Lorraine @NotQuiteNigella said...

Bravo! I am so impressed you made your own cheese! I've sometime contemplated it but then thought "Oh no, too hard" but it looks quite straightforward thanks to your action shots.

Simon said...

Hey! Great start to your back to basic series. This looks oh-so-easy to do for those time when I want to make ricotta filling during the wee hours of the morning and I have a reasonable surplus of milk.

Ok, bad example, but I'm sure I can find a use for such an easy preparation :)

FFichiban said...

Hee hee ladle-with-holes-in-it hee hee and are you saying men are snottier than women so they have bigger hankies 0_o?

YAYY!! for chheessee though and you make it look/sound so easy!

Steph said...

Hi there! Reading this post was like reading the cheese story of my life - the Malaysian lactose intolerance, kraft singles, Pizza Hut and then the brie realisation, wow. Now to make some of this cheese and make hotcakes with it! Really great post :)

shez said...

Bets: on hospital food? go go go get some real stuff & try it with pears. you'll love it :)

Y: laughing cow cheese! definitely brings the memories back. and i didn't use it much either, until those pancakes took over my life that is...

Lorraine: i had similar feelings. it's not hard at all - and it's even easier the second time around, so give it a couple of shots.

Simon: not as odd as you think. we somehow ended up with 6L of milk in the fridge after a miscommunication last weekend and actually had something to do with it for a change. hmmm yes!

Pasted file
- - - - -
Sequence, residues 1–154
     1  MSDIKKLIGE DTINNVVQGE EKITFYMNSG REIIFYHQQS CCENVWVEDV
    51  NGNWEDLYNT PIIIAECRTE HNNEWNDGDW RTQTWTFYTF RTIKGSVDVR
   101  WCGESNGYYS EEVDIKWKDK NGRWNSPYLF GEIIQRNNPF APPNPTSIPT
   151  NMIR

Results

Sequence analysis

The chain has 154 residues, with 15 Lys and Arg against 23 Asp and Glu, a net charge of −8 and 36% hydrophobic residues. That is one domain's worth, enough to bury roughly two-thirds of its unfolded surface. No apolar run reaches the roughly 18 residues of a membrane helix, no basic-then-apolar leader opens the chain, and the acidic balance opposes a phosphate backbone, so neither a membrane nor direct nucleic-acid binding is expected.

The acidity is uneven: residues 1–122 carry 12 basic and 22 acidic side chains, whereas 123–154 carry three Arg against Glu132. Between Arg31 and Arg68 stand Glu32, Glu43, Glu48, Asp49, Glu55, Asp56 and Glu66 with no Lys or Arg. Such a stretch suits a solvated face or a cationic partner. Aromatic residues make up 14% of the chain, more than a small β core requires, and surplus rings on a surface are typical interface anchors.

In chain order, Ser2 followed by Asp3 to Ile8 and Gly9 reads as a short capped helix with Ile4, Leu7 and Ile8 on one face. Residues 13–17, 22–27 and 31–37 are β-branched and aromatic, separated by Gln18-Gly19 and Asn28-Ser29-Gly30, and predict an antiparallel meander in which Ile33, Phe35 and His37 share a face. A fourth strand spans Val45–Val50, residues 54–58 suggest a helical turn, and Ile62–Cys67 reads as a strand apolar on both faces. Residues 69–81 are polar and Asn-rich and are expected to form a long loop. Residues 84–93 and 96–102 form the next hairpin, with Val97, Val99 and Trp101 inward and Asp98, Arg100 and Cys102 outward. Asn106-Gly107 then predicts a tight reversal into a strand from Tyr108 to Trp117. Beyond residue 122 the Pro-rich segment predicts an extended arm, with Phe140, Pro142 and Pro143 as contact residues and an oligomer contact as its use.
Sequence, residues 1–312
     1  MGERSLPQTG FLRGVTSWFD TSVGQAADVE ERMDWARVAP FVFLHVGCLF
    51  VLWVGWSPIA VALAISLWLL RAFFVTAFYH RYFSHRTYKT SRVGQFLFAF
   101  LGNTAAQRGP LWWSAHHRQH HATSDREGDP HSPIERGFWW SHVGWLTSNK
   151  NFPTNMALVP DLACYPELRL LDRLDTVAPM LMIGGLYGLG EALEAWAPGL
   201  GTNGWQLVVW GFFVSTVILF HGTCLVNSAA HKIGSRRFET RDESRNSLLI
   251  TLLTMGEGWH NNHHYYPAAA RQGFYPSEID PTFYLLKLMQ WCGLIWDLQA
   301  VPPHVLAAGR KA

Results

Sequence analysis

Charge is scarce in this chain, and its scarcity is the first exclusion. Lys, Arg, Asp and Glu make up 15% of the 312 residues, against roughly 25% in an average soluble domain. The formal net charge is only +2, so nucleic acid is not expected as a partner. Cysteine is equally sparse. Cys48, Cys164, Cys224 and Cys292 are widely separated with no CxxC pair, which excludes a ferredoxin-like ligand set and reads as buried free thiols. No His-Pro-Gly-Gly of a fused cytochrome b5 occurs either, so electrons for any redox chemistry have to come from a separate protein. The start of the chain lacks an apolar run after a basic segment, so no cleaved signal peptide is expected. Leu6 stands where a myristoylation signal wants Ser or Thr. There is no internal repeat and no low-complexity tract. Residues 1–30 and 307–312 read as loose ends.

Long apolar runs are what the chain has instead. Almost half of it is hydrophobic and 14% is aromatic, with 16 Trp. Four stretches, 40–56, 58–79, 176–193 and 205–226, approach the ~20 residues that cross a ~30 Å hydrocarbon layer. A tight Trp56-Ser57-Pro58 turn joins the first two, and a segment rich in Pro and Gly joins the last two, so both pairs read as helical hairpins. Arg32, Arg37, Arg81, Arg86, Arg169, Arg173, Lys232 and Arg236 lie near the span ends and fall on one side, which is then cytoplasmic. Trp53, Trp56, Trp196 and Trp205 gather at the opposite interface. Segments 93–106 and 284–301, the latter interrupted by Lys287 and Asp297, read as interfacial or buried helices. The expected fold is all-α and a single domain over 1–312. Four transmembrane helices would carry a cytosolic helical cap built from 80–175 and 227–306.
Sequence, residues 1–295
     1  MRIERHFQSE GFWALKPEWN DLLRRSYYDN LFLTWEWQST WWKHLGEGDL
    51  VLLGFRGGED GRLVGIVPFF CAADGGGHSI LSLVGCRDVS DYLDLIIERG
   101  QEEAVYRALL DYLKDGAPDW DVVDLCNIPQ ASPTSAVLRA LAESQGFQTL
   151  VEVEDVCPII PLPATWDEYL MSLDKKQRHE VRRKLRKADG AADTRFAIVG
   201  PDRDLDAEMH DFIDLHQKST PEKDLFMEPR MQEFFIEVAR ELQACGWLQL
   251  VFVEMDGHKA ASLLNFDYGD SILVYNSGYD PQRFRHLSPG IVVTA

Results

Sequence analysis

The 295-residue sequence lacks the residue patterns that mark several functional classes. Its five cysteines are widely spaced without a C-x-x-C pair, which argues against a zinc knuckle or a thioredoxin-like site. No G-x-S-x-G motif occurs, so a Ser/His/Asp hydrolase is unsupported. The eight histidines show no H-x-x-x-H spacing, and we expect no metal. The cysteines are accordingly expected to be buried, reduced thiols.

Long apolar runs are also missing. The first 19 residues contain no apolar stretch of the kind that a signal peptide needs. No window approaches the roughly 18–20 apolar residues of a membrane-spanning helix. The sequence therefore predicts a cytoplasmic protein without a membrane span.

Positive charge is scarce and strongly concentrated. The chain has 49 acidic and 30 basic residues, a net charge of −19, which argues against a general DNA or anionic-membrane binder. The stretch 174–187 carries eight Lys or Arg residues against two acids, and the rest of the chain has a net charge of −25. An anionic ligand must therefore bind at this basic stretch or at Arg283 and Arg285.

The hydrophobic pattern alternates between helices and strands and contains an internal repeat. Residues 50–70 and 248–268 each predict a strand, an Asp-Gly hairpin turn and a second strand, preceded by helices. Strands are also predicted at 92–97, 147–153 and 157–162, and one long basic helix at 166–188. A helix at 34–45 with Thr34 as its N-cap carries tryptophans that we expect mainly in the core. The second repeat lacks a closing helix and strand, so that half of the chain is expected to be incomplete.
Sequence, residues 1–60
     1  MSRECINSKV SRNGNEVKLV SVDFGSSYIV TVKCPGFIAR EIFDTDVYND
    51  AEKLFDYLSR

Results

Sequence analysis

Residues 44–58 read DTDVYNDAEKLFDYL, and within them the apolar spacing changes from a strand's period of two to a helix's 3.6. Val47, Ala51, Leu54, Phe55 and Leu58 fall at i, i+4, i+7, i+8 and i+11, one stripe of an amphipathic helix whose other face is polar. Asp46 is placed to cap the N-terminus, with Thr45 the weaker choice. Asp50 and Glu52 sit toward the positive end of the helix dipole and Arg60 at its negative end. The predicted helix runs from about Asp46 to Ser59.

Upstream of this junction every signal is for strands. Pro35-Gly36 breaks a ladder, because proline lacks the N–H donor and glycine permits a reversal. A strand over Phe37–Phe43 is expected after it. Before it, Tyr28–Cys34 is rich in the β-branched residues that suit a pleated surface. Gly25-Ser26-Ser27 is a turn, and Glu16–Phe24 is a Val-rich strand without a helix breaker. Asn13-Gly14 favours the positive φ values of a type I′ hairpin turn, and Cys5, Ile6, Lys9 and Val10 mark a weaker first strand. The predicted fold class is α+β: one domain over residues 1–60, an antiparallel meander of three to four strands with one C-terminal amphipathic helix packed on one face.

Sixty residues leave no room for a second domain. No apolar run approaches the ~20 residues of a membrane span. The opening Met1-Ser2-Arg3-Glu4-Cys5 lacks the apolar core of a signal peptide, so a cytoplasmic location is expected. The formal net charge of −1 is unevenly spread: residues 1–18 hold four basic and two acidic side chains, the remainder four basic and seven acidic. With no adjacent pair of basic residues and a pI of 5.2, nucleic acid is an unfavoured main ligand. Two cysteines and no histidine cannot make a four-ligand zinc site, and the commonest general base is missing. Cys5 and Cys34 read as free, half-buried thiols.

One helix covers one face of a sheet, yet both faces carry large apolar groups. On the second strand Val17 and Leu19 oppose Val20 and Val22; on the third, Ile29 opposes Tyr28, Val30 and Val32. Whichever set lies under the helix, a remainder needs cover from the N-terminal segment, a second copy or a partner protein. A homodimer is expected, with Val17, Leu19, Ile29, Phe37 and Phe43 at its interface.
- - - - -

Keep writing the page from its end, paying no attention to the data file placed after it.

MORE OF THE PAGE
FFichiban: no. just that men have bigger noses. and bigger pockets for putting hankiees in :)

Steph: thanks so much! good luck with the cheese making!

Anita said...

Wow - great recipe
Thanks for sharing, I'm very impressed at how you made it. How long will it last in the fridge (if for some crazy reason it doesn't all get eaten :) ?
Looking forward to your recipes using this "ricotta"

Arwen from Hoglet K said...

This is great! You've made it look so beautifully simple, and even found something to hang the draining cheese from (I've been thinking about this retort stand issue!). I'll have to give this a go.

shez said...

Anita: I've kept it in the fridge for up to a week, but it starts drying out and isn't very good by itself at that stage. probably best to eat it within three days? you can continue to use it for baking though...

Arwen: thankyou! the other option i've seen is hanging it from the racks in the fridge (but who has enough space to do that?)

Howard said...

wow top stuff, making your own cheese. I love that dripping device, reminds me of the DIY version my mum uses for making home made soy bean milk!

shez said...

Howard: home made soy bean milk? sounds brilliant! must do a search to see how to do that...